‘Growing up, I was never exposed to fine dining. I had never tasted foie gras or truffles. But I did know from a young age that I wanted to work with food. I used to watch a lot of cooking shows and borrowed cookbooks from the library. I was fascinated by how chefs worked. There was no doubt in my mind that I would become a chef.’
The young Grainne O’Keefe is now chef at Clanbrassil House. She is hailed as one of Ireland’s most promising chefs. In the restaurant, the charcoal grill is the centrepiece of the kitchen. All the main courses, some of the starters, and even desserts are prepared on the grill.
‘I love cooking salmon on the grill,’ Grainne says. ‘There is something deeply satisfying about cutting into a perfectly cooked salmon. I spend a lot of time experimenting with the barbecue, slow-smoking products like sweetcorn, preparing monkfish with miso and so on. The Oriel Sea Salt is an ideal finishing touch, the finale of a grilled dish. You can use it with both vegetables and meat or, as in this case, with fish.’
Clanbrassil House –


INGREDIENTS (1 portion)
1 spear green asparagus
250g Clare Island salmon
50ml bonito vinegar (or any type of rice vinegar)
10ml lemon juice
Oriel Sea Salt
black pepper
50g sorrel (or spinach)
1 apple (Granny Smith)
50 gdill
10ml buttermilk
2g black sesame seeds
5g bee pollen (optional)
1 cube horseradish, grated

Rub the asparagus with salt and let it sit overnight.
Remove the skin and bones from the Clare Island salmon.
Thinly slice the salmon and mix in a bowl with the vinegar, 5 ml lemon juice, sea salt and black pepper. Allow to rest for 10 minutes.
Mix the sorrel, apple, dill and 5 ml lemon juice in a blender and press the mixture through a fine sieve.
Dress the salmon on a plate and garnish with the apple-sorrel mixture, buttermilk, sesame seeds, asparagus and bee pollen.
Complete the dish with freshly grated horseradish.



Europe has an immensely rich and diverse culinary history and heritage. The reason for this, of course, is not just because Europe is such a vast continent. It is also thanks to the traditions that are passed down from generation to generation. Europe also has an unprecedented geographical diversity; from the fells of Finnish Lapland to the desert lands in Murcia and from the Alpine highlands to the Irish Sea. All these different terroirs give rise to a large and diverse culinary culture. People from all over the world travel to Europe, not just to admire its many artistic and cultural treasures but also to savour the local cuisine.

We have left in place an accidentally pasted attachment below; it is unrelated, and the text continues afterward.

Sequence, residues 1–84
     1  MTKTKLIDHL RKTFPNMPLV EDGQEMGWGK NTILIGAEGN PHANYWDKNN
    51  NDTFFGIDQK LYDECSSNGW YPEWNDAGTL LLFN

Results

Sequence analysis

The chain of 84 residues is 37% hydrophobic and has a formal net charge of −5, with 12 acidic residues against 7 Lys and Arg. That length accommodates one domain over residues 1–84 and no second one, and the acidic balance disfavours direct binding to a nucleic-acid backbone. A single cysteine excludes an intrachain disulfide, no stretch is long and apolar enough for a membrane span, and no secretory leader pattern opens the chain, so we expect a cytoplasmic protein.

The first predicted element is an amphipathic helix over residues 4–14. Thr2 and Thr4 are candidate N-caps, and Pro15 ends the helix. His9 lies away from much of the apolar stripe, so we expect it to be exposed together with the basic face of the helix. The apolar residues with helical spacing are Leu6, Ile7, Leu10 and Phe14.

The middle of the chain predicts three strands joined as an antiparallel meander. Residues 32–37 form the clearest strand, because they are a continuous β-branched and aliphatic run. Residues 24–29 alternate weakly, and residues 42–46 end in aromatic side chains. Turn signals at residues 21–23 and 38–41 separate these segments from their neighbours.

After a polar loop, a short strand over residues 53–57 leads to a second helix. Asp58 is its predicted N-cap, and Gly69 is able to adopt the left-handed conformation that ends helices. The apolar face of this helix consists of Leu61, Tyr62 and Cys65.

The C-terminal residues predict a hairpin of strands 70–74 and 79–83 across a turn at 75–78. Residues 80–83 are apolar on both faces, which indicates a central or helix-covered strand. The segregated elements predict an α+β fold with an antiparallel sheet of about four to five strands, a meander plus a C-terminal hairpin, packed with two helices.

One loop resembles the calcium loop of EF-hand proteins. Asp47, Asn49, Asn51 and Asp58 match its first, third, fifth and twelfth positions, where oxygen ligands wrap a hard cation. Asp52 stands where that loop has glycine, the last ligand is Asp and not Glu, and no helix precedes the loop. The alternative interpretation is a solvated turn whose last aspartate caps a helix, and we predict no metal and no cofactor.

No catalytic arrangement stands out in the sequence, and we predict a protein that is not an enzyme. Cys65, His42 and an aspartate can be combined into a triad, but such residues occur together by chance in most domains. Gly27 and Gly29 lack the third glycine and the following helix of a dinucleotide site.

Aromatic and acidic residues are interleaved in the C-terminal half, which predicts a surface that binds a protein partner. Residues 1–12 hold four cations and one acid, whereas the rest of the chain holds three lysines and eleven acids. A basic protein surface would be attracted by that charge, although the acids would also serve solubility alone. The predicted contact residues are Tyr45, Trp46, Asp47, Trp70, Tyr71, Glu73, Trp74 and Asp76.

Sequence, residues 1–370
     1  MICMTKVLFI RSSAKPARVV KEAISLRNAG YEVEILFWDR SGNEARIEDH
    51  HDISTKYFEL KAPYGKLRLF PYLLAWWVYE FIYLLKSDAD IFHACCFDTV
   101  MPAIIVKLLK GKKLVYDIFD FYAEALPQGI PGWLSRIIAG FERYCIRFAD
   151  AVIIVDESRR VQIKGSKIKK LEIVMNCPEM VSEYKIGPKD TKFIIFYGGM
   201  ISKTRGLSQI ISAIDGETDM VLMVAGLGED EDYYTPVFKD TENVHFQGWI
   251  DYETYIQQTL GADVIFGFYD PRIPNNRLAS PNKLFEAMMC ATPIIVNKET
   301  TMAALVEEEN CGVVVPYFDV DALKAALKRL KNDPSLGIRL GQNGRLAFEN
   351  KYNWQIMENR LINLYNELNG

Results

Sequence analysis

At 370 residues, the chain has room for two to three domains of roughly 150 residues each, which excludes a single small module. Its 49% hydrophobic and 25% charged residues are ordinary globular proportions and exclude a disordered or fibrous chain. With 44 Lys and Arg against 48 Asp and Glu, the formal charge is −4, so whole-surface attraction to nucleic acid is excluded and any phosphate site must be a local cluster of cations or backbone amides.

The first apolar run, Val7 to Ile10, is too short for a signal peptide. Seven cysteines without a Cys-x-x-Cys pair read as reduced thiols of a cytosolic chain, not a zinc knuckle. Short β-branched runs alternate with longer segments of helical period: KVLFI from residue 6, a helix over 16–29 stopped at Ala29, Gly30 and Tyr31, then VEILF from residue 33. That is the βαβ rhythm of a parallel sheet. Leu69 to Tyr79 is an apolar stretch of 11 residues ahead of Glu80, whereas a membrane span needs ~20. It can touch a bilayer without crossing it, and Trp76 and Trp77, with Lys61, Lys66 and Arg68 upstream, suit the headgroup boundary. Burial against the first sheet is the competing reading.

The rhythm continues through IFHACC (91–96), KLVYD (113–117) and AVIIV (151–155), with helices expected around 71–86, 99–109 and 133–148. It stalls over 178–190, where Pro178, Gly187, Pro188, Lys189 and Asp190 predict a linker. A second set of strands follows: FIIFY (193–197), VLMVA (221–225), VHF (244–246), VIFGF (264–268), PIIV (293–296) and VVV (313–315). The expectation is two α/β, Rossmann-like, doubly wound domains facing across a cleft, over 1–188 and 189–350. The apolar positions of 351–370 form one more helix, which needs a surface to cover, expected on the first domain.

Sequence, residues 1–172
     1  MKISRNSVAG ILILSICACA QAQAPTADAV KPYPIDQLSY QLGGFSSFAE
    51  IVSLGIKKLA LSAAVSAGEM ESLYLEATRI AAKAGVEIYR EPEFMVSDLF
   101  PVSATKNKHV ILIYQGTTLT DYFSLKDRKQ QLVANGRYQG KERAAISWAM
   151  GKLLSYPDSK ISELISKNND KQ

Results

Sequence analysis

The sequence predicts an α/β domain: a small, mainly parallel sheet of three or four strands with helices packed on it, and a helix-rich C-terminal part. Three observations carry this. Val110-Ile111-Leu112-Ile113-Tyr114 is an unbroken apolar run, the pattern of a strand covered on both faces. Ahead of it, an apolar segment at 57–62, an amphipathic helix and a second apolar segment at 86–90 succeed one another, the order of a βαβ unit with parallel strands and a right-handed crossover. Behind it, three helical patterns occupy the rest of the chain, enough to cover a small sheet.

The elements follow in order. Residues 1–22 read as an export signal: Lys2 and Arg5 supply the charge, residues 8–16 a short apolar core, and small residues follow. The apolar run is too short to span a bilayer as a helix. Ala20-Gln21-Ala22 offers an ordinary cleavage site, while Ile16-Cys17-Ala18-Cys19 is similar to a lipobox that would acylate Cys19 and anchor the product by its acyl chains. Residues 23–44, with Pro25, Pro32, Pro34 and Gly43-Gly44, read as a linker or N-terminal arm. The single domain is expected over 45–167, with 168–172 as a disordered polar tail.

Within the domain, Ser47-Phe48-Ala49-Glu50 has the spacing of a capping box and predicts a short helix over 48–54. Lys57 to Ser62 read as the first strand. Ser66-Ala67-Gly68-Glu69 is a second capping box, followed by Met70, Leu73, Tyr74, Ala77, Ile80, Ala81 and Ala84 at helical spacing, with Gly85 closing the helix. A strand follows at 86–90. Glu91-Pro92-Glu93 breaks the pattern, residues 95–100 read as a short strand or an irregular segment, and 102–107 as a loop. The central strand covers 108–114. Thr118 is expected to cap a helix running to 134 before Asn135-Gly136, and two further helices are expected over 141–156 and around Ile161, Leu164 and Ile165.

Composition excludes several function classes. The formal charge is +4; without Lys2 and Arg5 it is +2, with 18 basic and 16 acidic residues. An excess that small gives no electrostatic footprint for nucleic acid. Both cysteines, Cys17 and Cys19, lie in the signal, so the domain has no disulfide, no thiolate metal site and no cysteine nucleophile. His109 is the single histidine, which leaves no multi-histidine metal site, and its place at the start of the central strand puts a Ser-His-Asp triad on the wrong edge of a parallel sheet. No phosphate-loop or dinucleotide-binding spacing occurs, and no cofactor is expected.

From Danish cheese to French plums, from Bulgarian sausage to Portuguese vegetables, many of these products are registered as geographical indications (GIs). This European Union quality scheme protects the names of specific products due to their unique characteristics, linked to their geographical origin as well as traditional know-how. It reflects the diversity of Europe and its rich and varied culinary heritage. Chefs appreciate these unique characteristics which reflect the place where the products are made and the age-old production techniques used. They are increasingly popular with consumers not only in Europe but also in other parts of the world.

By 1992, the European Union had already decided to protect several products names. This decision stemmed from the desire to better preserve culinary heritage and to offer farmers and producers a fairer income. European products that are awarded a quality label always feature unique characteristics. These are typical for the region in which they are grown or prepared and, most of all, they are of excellent quality. In 2012, the quality schemes were introduced that establish and safeguard this designation of origin or traditional method of production:

PDO (Protected Designation of Origin): products in this category have a clear and undisputed link with the location where they are produced. This means that all aspects of the production process, the preparation and processing, must take place in the specific region to which the protection applies.

PGI (Protected Geographical Indication): this label explains the connection between the region and the name of the product. Contrary to products with a PDO label, it requires one part of the entire process (at least one step) to take place within the area to which the geographical designation applies.
In this book, renowned European chefs have suggested how unique products with geographical indications from their country can be in-corporated in a dish. They also share their love and passion for the products they grew up with and which have made them so successful. The products from their local regions, which exemplify craftsmanship and excellence. We absolutely need to make sure that these products continue to enjoy their protected designation of origin. It is the only way to preserve and guarantee their quality, both now and in the future.


There are currently no comments

Leave a comment

You must be logged in to leave a comment
Not a member? Register for your free membership now!
Or leave a comment by logging in with: